Trivium Wines is the culmination of multiple decades of experience in the Napa wine industry by three wine veterans: Stu Harrison (first employee at Opus One), Jack Stuart (long time winemaker & Trivium’s winemaker) and Doug Wight, 5th generation winegrower who manages the historic Lewelling Vineyard in St. Helena. All three partners were neighbors in St. Helena.
At the time of this review Stu had just finished his 35th year in the Napa Valley. He is originally from Cleveland and then spent some time in Boston. During his time here, he was introduced to wine through a friend who worked at a wine shop. Stu eventually acquired the “wine bug” by also working at the shop. He moved to Napa in 1975 when there were maybe 25 wineries in the valley.
The production is focused on one wine each year, a single varietal, 100% Cabernet Sauvignon picked from the same 15 rows. Their first vintage is from 2005.These rows are in one of the oldest continuously owned properties by the same family in the Napa Valley, the Lewellings. This is a very historical vineyard (dates to 1864) located on the St. Helena bench land on the western side of the valley just south west of the town of St. Helena. A number of top producers source from this vineyard.
Stu has learned of the Napa “sweet spots” over the years and the bench land on the western side of the Napa Valley is certainly one of these. He remembers in the “old days” of Napa when quantity of production was favored and because this vineyard could never compete with some of the valley floor locations in terms of tons/acre it wasn’t always considered an idea location for growing grapes.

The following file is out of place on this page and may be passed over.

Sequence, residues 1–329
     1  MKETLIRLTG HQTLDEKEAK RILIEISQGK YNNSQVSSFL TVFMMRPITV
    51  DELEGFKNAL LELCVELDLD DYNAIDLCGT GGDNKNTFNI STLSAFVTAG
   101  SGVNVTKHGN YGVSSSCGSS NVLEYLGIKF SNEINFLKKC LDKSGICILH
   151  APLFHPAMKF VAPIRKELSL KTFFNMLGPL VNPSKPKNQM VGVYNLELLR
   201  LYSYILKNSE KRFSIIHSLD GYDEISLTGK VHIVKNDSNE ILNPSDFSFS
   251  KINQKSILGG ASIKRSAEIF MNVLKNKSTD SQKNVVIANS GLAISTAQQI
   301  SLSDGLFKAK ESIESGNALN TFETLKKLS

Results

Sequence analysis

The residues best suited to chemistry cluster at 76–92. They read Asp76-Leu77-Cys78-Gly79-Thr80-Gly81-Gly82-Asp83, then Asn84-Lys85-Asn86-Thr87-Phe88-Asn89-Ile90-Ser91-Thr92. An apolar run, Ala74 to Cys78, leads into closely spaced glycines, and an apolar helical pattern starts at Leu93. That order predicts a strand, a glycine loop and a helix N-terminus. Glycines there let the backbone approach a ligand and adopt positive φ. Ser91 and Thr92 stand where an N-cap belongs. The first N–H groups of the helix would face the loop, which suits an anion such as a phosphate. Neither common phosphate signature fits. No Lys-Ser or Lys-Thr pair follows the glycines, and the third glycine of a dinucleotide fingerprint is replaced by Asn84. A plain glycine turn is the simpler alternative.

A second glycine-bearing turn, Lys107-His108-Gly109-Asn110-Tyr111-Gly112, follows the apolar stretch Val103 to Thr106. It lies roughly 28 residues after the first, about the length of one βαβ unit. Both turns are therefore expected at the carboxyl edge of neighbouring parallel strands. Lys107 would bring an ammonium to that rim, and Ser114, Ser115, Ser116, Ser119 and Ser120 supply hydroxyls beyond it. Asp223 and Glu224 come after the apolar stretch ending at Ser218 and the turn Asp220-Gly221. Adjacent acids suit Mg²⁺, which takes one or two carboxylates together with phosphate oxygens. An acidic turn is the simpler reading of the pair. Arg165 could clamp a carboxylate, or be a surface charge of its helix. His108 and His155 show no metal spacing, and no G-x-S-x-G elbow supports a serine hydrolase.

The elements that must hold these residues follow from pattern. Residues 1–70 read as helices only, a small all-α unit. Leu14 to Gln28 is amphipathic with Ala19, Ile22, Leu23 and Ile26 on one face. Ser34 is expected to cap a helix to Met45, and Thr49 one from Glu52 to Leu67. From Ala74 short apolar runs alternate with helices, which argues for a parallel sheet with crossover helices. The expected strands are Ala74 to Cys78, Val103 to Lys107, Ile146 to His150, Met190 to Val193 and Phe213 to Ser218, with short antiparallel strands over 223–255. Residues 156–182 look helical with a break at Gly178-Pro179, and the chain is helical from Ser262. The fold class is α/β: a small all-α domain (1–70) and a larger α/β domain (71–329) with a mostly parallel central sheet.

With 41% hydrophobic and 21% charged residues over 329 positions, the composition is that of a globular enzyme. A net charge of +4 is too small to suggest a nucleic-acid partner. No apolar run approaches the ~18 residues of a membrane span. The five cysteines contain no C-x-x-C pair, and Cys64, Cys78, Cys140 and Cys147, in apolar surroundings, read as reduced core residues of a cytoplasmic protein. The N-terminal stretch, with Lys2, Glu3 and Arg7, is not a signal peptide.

The years have not tempered Stu’s enthusiasm for the local wine industry and he is clearly excited about their “little” project. He is a wealth of knowledge about the wine industry and Napa Valley in general. He was one of the original employees at Domain Chandon in the mid 1970’s, helped grow Opus One and Swanson and currently is at Continuum. He remembers alcohol levels substantially lower than they are today and a penalty actually placed on growers if grapes were picked with too high of a sugar content (relatively not that long ago).
How times have changed.
Trivium’s 15 rows/vineyard block has earned the name “Les Ivrettes” or in French meaning, “Tipsy Girls”. Yes, there is a story behind this name. The name refers to the partners’ three daughters and their old “party house” which adjoined the edge of the Lewelling Vineyard right next to the block where Trivium’s grapes are sourced from. The name Trivium is Latin and refers to an intersection where three roads came together near the vineyard.
The focus on their one wine/one varietal is on terroir (always picked from the same rows) and other than the higher alcohol than say 35 years ago (still moderate by today’s standards) their wine making practices have not changed. A Cabernet Sauvignon from the mid 1970’s more than likely was 100% varietal.
Their “Cabernet Manifesto” requires their wine to taste like where it was grown as well as taste like the varietal. As a result, Trivium concentrates on old world style wine growing and wine making techniques. They are the first to pick in the Lewelling vineyard and they keep maceration to a minimum after fermentation. They try to shoot for a decent acidity level and a balanced wine that can be paired with a number of foods.
The 2007 Cabernet Sauvignon is dark red to purple in the glass – the wine shows very good color. The bouquet is concentrated and layered; initially it shows mineralities with some dustiness and oak, but the fruit soon takes over and envelopes the glass. It is a very aromatic and floral bouquet dominated by rich ripe fruit with lots of blackberry aromas. The palate is commanding, complex and layered with rich fruit including cherry, blackberry and black currant. The tannins are well integrated, firm and dusty with notes of cedar, rosewood and mocha on the super long lively finish.
Distribution is mostly within California and through their mailing list. You can find the wine locally at ACME in St. Helena and Backroom Wines in Napa. Typical annual case production is usually just between 300 and 400 cases. For more information and to order wine visit: www.triviumwine.com